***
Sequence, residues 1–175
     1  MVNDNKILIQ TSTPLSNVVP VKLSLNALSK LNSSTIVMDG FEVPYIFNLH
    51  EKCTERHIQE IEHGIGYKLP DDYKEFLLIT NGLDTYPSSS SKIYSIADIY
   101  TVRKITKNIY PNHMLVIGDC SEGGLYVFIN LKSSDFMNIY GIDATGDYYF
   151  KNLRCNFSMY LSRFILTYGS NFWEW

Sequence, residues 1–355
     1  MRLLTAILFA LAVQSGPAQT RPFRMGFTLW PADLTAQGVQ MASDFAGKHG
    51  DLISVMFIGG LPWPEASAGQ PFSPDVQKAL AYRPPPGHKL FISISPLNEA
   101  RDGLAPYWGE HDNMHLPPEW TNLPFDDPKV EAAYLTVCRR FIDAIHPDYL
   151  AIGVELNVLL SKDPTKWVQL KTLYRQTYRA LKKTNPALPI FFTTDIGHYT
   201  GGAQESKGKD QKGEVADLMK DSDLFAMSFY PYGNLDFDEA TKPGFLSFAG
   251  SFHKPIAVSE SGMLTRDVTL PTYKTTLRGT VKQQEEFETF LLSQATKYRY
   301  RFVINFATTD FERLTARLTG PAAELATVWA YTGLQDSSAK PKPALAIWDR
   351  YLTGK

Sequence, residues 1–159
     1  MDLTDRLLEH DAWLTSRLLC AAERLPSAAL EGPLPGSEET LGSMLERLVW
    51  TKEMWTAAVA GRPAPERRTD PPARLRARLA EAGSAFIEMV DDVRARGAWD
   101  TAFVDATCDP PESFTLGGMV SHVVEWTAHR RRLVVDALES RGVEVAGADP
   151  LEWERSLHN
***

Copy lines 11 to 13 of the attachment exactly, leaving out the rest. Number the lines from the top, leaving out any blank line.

   201  GGAQESKGKD QKGEVADLMK DSDLFAMSFY PYGNLDFDEA TKPGFLSFAG
   251  SFHKPIAVSE SGMLTRDVTL PTYKTTLRGT VKQQEEFETF LLSQATKYRY
   301  RFVINFATTD FERLTARLTG PAAELATVWA YTGLQDSSAK PKPALAIWDR